SPEAKER: Welcome to
the Indigenous Policy and Administration program
at Carleton University. This is a tutorial
that will help you succeed in the
online courses that comprise the Indigenous Policy
and Administration program. You will have the
opportunity to meet some of the professors
in the program, as well as your
classmates, by attending the Summer Institute, which
is held on Carleton’s campus. Following these summer
courses, the rest of your courses
in the IPA program will be taught entirely online. Online learning can take
some time getting used to, but this tutorial
will provide you with some tips on how to
prepare for and succeed in the Indigenous Policy
and Administration program. First, let’s consider some
myths about online learning. Some people might tell you
that online courses are easier than regular
face-to-face courses because you don’t
have to go to class. The fact is, you
will have to work hard to keep up with online
lectures, activities, and assignments. There is also a
perception out there that online courses are lonely. This is not the case in the
courses in the Indigenous Policy and
Administration program. Your courses will involve a
high degree of interaction with other students and
with your instructors. You will regularly engage
in online discussions with other students and you
will have plenty of opportunity to communicate with
your instructors. Another myth about
online courses is that you won’t get much
feedback from your instructors. While it’s true that some
types of online courses offer few opportunities for
feedback, in your courses, you can expect to receive
personalized audio or written feedback on your assignments
from your instructors. Your instructors are
also available to talk on the phone, using online
services such as Big Blue Button, or in person if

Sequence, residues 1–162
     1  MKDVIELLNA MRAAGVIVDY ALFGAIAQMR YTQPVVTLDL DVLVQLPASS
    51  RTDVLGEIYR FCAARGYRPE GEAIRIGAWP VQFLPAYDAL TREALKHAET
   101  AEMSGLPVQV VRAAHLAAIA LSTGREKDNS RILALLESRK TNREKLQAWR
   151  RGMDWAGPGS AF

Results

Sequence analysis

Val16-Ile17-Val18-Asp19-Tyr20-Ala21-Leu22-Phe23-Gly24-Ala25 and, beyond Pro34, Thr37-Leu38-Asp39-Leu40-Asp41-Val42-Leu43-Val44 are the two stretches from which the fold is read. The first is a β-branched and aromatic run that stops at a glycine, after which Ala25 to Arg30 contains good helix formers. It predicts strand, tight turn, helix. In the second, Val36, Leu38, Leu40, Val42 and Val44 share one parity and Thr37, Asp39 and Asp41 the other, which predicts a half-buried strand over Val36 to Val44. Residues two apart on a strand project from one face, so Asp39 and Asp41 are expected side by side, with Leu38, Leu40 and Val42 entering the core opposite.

you happen to be on campus. Finally, many people believe
that online courses are entirely flexible
and that there are no deadlines in online courses. This is not the
case in IPA courses. While online courses
offer some flexibility and allow you to choose
when you will study, your courses will also
feature regular deadlines. Let’s take a few minutes to
learn about some benefits of online learning. Although online learning
can be challenging, there are some great
benefits to learning online. While your online courses
are highly structured, they also allow a high
degree of flexibility. You can take your courses
when and where you want. If it’s convenient to do
your coursework on Tuesdays and Thursdays at
4:00 AM, that’s fine as long as it works
for you and allows you to keep up with the class. You should be able to follow
along with the courses while you travel as well. The online learning environment
allows your instructors to observe and monitor your
progress in the course. They’ll know when
you’re downloading readings or watching videos and
when you are falling behind. Finally, one of the greatest
benefits of online learning is the fact that
it will give you a chance to speak to a
wide variety of students. Students in the Indigenous
Policy and Administration program are often located
all over the country and many are taking this
program while working in their communities. As a result, you’ll
find that you get to hear a broader range of
perspectives and experiences than you might in
a regular class. This opportunity to hear a
huge variety of perspectives is one of the great
benefits of online learning. All of your courses
will be delivered through cuLearn, which is
Carleton’s online learning platform. Each course will
have its own page. One of the most
important things for you to do once you
begin a course will be to understand all
the different navigation elements of the course. Each course has a number
of important elements that you should be aware of. The Navigation bar on the
left of your course page shows the Table of Course
Content section, which will give you an idea of all the
content within the course page. On the Navigation bar, you can
see that the course content is divided into modules. Many of your courses
will be like this and this is one place that
you can see and navigate to the modules. For instance, you
can access materials for the different modules by
clicking on Module 1, 2, or 3. Like the table of
contents in a book, the tabs also show the
sequence of content and course progression. On the right side
of the course page, there are other useful tools. For instance, you’ll
see the Email tool, which will allow you to send
emails to your instructor or to your classmates. To send emails to
your instructor or classmates, click the
Compose New Email link. cuLearn will keep a record
of emails you have sent. You can view the
history of your emails by clicking on View History. In the Recent
Activities block, you will also find a record of
your activity in the course. Check and track recent